When former Speaker of the House John Boehner—whom Amash helped push out of his leadership role last fall—used to preside over “pro forma” sessions during which most members were away from Washington, the libertarian-leaning congressman would always attend, just to make sure Boehner didn’t try to sneak a voice-vote extension of the PATRIOT Act. “Trust but verify,” the Michigan maverick would say, quoting Ronald Reagan’s famous line about the Soviet Union’s nuclear weapons negotiations. Yes, Amash speaks of his own party the way Reagan spoke of the Russkies….

Via The Last Honest Man in Congress @

No Duty 

Article II, Section 2 does not lay out any specific procedure by which the Senate can refuse its consent. It does not indicate whether it must do so by taking a vote, or whether it can simply refuse to consider the president’s nominee at all. However, Article I, Section 5 states that “Each House may determine the rules of its proceedings.” That power includes the rules for considering judicial nominations, as well as all other Senate business. Thus, so long as the Senate has established rules that allow it

Via The Constitution does not require the Senate to give judicial nominees an up or down vote @  Washington Post Volokh Conspiracy.

Slipping away

“But, the bigger surprise: even with a deadline looming, warnings of impending doom from surveillance justifiers, and pressure from Senate leadership, the extension received less support than the reform bill. In other words, more senators believe that the prospect of completely losing some surveillance authority is less damaging than allowing the government to continue its…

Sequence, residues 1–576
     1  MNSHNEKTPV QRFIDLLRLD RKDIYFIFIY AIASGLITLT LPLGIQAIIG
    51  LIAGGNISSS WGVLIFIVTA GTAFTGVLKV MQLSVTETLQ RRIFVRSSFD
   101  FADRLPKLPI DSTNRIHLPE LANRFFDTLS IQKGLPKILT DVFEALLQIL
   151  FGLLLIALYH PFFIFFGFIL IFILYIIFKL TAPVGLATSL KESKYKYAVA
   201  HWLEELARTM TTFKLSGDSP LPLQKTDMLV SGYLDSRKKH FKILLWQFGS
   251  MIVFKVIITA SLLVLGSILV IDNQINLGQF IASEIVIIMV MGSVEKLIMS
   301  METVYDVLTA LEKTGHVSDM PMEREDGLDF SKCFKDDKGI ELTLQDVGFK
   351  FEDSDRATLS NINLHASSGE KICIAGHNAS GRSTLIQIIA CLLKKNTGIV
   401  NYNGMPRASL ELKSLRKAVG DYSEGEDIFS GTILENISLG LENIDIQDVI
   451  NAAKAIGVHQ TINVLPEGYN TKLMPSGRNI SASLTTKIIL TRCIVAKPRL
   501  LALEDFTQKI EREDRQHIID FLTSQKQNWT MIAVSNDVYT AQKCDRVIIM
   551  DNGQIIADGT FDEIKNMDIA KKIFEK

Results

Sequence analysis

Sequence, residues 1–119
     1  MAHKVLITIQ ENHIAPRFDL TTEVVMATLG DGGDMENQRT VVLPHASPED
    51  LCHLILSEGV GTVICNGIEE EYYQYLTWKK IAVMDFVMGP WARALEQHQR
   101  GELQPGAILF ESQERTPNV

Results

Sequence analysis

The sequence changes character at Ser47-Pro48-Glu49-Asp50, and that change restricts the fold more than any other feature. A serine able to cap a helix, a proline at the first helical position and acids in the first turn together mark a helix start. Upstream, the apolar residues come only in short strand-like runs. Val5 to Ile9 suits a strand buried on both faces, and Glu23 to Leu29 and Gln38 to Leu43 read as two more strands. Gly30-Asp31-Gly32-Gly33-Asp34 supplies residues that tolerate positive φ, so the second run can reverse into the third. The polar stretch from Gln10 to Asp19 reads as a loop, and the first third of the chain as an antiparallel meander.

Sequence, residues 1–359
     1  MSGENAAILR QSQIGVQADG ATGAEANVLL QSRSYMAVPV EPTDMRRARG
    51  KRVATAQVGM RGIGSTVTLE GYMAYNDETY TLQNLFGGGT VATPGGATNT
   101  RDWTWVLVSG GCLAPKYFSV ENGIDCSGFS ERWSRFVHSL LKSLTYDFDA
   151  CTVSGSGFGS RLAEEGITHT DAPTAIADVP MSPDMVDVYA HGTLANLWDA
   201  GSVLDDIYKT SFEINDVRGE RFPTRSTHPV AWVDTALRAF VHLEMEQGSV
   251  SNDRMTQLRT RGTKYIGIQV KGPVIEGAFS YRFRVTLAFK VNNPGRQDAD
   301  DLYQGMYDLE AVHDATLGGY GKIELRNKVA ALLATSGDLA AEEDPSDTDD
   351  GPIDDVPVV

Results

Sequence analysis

The Patriot Act Balance of Power

“If Section 215 sunsets, pro-reform advocates will have  more leverage to push for stronger surveillance reforms than those currently on the table, because the new status quo will tip more in favor of those who oppose mass surveillance under the Patriot Act. However, they will have to strongly push back against fearmongering from anti-reformists and…

Although millions of Americans see racial bias in criminal justice, Congressmen are among the least likely to think so

Large numbers of Americans see racial bias in our country’s criminal justice system: The latest Reason-Rupe poll finds 44 percent of Americans believe the criminal justice system in the United States treats white Americans more fairly than black and Hispanic Americans. Another 45 percent believe the system treats all racial groups the same, 6 percent think the…

Amash Wins in Michigan: Pro-Market Defeats Pro-Business Insider

Liberty-respecting Congressman Justin Amash of Michigan defeated a primary challenger put up by so-called business interests and other party insiders: The Liberterian-minded Amash on Tuesday, Aug. 5, soundly beat Ellis, who billed himself as sort of the “anti-Amash” candidate for votes he considered out of touch with Third District voters. Countless endorsements, including the Grand…